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Gaming Guru

Arnold M. Knightly
 

Cash flow, revenue dip in quarter for Harrah's

12 May 2008

LAS VEGAS, Nevada -- Harrah's Entertainment on Friday joined other gaming companies and posted decreases in quarterly revenues and cash flow as the economic slowdown hurt the company's operations throughout the country.

However, Chairman and Chief Executive Officer Gary Loveman said several construction projects around the country will put the company in a good position once the economy begins to recover.

Harrah's posted a net loss of $187.8 million for its first quarter ended March 31, compared with a net income of $185.3 million last year, according to a Friday filing with the Securities and Exchange Commission.

Total revenues declined 2.1 percent to $2.6 billion from $2.66 billion in 2007 while property cash flow, defined as earnings before interest, taxes, depreciation and amortization, fell 6.9 percent to $650.5 million from $698.4 million.

The company had posted increases in both categories last quarter and for 2007.

"The first quarter was an odd assemblage of months of very different qualities," Loveman said during a Friday conference call.

January was "benign," February was "encouraging" and March was "lousy" for the company, he said.

However, $211.3 million in costs related to an early debt retirement, and another $142.6 million related to the company's buyout also contributed to the loss.

In Las Vegas, revenues dropped 4 percent to $863 million from $898.6 million while cash flow fell 7.5 percent to $275.3 million from $297.6 million.

The casino company owns and operates Caesars Palace, Rio, Paris Las Vegas, Bally's, Bill's, Flamingo, Imperial Palace and Harrah's on the Strip.

Those properties generated 33.2 percent of the company's revenues and 42.3 percent of its cash flow.

Harrah's owns and operates 51 properties in 10 states and internationally. Company casino revenues dropped 3.3 percent to $2 billion from $2.2 billion for the quarter.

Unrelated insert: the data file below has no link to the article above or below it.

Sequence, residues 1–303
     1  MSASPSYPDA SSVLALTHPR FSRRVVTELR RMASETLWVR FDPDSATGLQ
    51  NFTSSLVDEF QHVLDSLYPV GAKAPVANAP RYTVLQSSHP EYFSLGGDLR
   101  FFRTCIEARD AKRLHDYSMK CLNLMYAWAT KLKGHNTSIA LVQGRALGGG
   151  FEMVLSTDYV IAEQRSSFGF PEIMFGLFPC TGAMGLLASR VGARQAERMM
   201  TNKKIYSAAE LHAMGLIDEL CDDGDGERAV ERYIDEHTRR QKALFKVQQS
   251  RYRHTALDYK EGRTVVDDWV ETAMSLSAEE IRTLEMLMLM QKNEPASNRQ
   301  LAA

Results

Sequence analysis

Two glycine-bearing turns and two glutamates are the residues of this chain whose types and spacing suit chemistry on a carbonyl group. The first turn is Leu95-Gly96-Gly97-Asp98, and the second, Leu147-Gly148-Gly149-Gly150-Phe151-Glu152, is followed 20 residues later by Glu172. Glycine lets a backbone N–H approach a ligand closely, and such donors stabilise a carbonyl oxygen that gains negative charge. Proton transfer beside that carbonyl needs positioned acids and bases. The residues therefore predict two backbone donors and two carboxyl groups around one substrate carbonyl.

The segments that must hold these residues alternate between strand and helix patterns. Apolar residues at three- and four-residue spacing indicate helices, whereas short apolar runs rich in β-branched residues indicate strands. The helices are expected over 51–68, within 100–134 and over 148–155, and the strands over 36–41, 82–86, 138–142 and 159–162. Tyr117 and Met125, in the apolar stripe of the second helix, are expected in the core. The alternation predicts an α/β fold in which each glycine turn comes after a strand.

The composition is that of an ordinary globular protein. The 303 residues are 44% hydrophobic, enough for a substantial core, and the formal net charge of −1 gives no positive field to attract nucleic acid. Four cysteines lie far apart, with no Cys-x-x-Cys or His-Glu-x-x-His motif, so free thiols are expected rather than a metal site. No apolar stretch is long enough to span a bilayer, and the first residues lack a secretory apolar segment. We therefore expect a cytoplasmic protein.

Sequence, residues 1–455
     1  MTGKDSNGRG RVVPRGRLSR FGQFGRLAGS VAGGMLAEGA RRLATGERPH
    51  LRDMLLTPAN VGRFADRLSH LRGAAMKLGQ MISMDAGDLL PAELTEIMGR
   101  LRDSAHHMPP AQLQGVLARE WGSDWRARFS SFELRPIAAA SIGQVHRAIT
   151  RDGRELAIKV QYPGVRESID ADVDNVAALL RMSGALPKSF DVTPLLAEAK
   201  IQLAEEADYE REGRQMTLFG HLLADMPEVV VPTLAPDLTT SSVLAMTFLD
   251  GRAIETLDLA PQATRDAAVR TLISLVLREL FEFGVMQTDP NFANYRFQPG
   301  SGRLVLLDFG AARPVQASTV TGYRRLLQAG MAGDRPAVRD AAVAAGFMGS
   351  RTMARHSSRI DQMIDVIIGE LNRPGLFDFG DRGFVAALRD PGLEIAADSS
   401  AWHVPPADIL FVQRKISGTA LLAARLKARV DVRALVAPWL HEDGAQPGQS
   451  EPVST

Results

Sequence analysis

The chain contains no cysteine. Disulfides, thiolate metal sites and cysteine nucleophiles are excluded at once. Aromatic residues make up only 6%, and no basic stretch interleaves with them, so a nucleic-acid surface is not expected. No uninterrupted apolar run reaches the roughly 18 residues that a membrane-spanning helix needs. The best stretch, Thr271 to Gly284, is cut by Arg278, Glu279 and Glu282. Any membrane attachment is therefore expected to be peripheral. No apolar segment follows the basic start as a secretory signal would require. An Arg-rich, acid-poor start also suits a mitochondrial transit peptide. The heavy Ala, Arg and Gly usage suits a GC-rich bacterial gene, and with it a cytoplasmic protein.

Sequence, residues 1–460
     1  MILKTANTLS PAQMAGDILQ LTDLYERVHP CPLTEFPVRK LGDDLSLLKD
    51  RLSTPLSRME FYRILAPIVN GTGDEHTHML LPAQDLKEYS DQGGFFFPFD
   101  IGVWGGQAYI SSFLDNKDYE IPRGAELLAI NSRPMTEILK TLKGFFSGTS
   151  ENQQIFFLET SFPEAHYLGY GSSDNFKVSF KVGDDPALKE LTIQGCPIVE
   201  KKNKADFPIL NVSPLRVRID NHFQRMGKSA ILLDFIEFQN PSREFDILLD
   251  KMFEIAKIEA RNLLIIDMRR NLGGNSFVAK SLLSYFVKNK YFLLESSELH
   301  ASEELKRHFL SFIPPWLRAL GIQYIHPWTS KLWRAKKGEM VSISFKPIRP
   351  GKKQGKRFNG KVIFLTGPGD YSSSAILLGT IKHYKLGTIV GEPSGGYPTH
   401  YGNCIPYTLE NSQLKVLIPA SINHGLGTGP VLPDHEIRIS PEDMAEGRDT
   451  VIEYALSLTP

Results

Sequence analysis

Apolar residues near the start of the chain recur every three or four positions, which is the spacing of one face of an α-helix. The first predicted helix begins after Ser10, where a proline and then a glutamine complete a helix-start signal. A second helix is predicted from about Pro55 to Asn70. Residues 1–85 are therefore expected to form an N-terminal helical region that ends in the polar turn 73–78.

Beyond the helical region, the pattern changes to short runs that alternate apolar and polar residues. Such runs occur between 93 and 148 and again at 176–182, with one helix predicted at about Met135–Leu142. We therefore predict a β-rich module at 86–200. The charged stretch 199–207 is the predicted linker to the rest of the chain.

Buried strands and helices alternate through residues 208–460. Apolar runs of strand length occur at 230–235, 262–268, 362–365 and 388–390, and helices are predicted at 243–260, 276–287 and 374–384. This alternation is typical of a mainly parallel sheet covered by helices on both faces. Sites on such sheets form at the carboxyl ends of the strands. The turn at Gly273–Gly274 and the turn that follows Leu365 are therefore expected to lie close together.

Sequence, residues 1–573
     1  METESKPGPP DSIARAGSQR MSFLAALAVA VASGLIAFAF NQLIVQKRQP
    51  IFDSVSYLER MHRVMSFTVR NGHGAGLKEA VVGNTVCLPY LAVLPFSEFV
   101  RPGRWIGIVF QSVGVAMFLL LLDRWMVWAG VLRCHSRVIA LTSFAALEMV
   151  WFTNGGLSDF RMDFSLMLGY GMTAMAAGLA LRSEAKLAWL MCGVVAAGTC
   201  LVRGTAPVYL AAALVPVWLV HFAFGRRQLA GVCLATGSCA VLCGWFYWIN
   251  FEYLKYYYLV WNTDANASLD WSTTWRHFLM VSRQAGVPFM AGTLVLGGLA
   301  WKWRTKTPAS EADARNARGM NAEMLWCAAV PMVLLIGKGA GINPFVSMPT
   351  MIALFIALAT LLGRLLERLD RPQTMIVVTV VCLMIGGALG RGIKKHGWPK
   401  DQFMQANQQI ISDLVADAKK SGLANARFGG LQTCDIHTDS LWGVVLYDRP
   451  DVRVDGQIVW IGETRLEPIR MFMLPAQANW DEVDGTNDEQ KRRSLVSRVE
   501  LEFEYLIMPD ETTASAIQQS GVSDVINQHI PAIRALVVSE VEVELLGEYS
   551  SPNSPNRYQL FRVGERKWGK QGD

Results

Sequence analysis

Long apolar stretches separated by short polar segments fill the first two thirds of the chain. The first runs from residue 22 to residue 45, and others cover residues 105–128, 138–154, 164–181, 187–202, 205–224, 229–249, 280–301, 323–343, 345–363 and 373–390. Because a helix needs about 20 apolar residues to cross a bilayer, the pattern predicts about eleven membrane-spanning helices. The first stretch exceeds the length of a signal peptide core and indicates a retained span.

Harrah's current growth pipeline in Las Vegas and around the country appears unaffected by the economy although projects other companies have planned have suffered setbacks.

A $1 billion expansion of Caesars Palace is still planned for a partial opening next year with completion in 2010.

In March, Harrah's Atlantic City opened the first 12 floors of a new 960-room hotel tower, part of a $565 million expansion that will continue through midyear.

Work also continues toward a fall completion of a $485 million expansion of the Horseshoe in Hammond, Ind. and the $704 million Margaritaville Casino & Resort in Biloxi, Miss., which is scheduled to open in 2010.

However, there was no mention of a $500 million arena slated for land behind Bally's and Paris Las Vegas.

Harrah's spokeswoman Jacqueline Peterson referred all questions about the arena to Los Angeles-based Anschutz Entertainment Group, which is funding and will manage the 20,000-seat facility.

The plans for the arena still need approval of Clark County officials.

International plans for Harrah's have suffered a series of setbacks in the past two months.

The company withdrew from a proposed $2.6 billion resort project in the Bahamas and shelved talks with Slovenia-based Hit Group about developing a $1.2 billion resort in the Eastern European country.

Another possible international setback, although Loveman downplayed the news Friday, was an announcement by Chinese officials in late April that new casino licenses in Macau will not be approved.

Harrah's has been shut out of the gaming enclave.

In September, Harrah's paid $577.7 million for the rights to a land concession contract for the 175-acre Macau Orient Golf Course. Some gaming observers believed then that Harrah's could transform the golf course into a hotel-casino site.

"Use of our land position in Macau is something we understood would take some period of time," Loveman said Friday.

Private equity firms Apollo Management and TPG Capital acquired the gaming company in a $30.7 billion buyout, including debt. The equity investors received $5 million in service fees for the quarter.

Harrah's Entertainment is no longer publicly traded but still must file quarterly earnings reports with the Securities and Exchange Commission to guide bondholders.

Cash flow, revenue dip in quarter for Harrah's is republished from Online.CasinoCity.com.